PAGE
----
I know this girl who has an aunt whose husband’s brother’s 2nd grade teacher’s dog trainer’s grandma’s sister-in-law’s personal trainer’s neighbor’s friend’s soccer coach who met that girl from iCarly.
I am privy to endless conversations with 11-12 year old kids lately. The misinformation, embellishment and dumbf*&kery overwhelms me. I sit quietly most of the time, listening to the utter nonsense being tossed around; sometimes I let a small giggle leak out because I can’t contain it any longer.
This is the only way I am going to know what kind of information my kid is entertaining in his soon to be completely scrambled brain. I have to listen and mostly keep my trap shut.
I’m told that the mind of a teenager is a terrifying place. I can’t remember much personally, but if the photographs and other supporting documentation are even partially accurate, I’m glad I’ve forgotten.
I do remember a few specific incidents when, as a teenager, I knew full well that I was making a bad choice, yet I dove head-first into stupidity. I believed all kinds of nonsense because someone’s sister’s cousin’s friend heard it in P.E., and then they told my boyfriend who told me what she said before cheerleading practice and then I told freaking EVERYONE.
This brings me to my point. My 11 year old has always been sort of an old soul. We have always spoken freely and frequently about most things. He has good information but no life experience. How will he apply this information in his own life?
He is much more interested in talking to his friends and hearing what they have to say these days. I wonder if my influence has made enough of an impact to combat the heaping loads of inaccurately ‘tween interpreted fluff.
I am truly floored. Not just by the content of the conversations he is having with his friends, but by the topics they discuss. An hour long car ride has the potential to raise discussions about music, religion, politics, weapons, relationships, drugs, and sex. I listen closely to the yammering, struggling as the kids attempt to impress each other with their vast knowledge of classic rock or military strategy.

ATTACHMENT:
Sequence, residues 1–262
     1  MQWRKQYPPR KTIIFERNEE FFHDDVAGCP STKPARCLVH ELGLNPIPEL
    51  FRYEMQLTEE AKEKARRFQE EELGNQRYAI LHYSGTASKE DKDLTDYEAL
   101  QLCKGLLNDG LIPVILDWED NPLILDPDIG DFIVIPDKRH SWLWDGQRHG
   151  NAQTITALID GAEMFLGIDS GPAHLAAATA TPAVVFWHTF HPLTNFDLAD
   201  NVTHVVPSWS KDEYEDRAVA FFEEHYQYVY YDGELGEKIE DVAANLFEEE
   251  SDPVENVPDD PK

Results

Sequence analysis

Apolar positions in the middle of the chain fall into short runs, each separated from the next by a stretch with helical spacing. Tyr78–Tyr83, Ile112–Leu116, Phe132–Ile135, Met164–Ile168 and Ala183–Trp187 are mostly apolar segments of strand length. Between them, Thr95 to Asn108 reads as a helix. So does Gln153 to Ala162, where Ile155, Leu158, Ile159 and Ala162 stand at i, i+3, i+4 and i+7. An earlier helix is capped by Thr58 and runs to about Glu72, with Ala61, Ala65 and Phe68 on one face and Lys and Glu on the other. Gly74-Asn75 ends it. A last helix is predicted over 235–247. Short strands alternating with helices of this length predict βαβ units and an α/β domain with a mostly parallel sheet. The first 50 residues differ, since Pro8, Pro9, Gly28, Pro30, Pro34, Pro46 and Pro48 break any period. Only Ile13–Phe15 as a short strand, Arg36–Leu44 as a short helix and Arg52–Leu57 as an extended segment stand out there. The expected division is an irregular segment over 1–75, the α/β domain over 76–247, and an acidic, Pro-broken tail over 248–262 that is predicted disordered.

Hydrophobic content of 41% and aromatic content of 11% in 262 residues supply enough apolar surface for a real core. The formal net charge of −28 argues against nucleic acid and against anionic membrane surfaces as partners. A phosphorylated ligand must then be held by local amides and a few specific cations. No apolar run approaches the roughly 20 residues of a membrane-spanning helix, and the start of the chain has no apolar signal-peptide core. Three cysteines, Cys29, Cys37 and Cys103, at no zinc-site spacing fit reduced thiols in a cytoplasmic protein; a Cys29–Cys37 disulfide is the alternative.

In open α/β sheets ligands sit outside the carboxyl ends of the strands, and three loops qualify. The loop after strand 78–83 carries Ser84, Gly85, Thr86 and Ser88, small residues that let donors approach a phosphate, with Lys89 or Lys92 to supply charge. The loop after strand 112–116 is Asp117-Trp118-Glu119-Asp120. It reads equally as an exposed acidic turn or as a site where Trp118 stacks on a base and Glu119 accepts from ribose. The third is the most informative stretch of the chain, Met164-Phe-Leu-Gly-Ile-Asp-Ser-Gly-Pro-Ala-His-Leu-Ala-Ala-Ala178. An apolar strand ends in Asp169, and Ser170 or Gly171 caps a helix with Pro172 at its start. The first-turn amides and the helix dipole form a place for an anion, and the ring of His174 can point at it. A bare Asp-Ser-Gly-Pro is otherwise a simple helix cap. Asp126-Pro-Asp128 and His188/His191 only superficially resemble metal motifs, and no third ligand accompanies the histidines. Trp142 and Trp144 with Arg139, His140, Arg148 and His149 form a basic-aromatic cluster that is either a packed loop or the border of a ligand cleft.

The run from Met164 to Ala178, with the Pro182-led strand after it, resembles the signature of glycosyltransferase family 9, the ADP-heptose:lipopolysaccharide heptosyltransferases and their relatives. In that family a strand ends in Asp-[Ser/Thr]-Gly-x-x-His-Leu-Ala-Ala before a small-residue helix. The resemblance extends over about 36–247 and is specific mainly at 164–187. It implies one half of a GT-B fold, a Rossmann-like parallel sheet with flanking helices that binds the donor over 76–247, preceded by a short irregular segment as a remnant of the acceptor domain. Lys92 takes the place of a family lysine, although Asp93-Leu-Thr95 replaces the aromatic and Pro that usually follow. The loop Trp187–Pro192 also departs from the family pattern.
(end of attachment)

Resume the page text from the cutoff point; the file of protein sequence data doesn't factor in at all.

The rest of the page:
The truth is that they do actually have quite a bit of accurate and detailed information. They just don’t know what to DO with the information. They don’t know how to interpret or apply what they know to real life. They judge, discuss, disagree, suggest, and agree. It pains me to keep silent, yet my policy is to keep silent unless they are sharing dangerous or grossly inaccurate information. They HAVE to work this stuff out as peers, learning from each other and practicing the art of respectful debate and problem solving.
I’m frightened. My kid knows too much and his thirst for knowledge isn’t going to be quenched anytime soon. He is forming his own opinions and drawing conclusions. We have already had respectful disagreements about religion, politics and abortion. I’ve mentioned that he’s 11, right?
I’ve developed a mantra that I chant as I tune out the noise of tween boys and girls waxing philosophical about the meaning of life in the back of my minivan. I’ll share.
I repeat silently, “I will resist the urge to school these pre-pubescent blow-hards unless they are being grossly inappropriate or sharing inaccurate information that could result in emotional and physical harm. I will drink my cheap wine and remember that I too, was drowning in my own idiocy and perceived brilliance. I will enjoy being entertained by the minor screw ups and drama, as my own life is dull and I’m still an empty headed and clueless human and I’ll probably end up learning a lot more from them than they can ever learn from me.”
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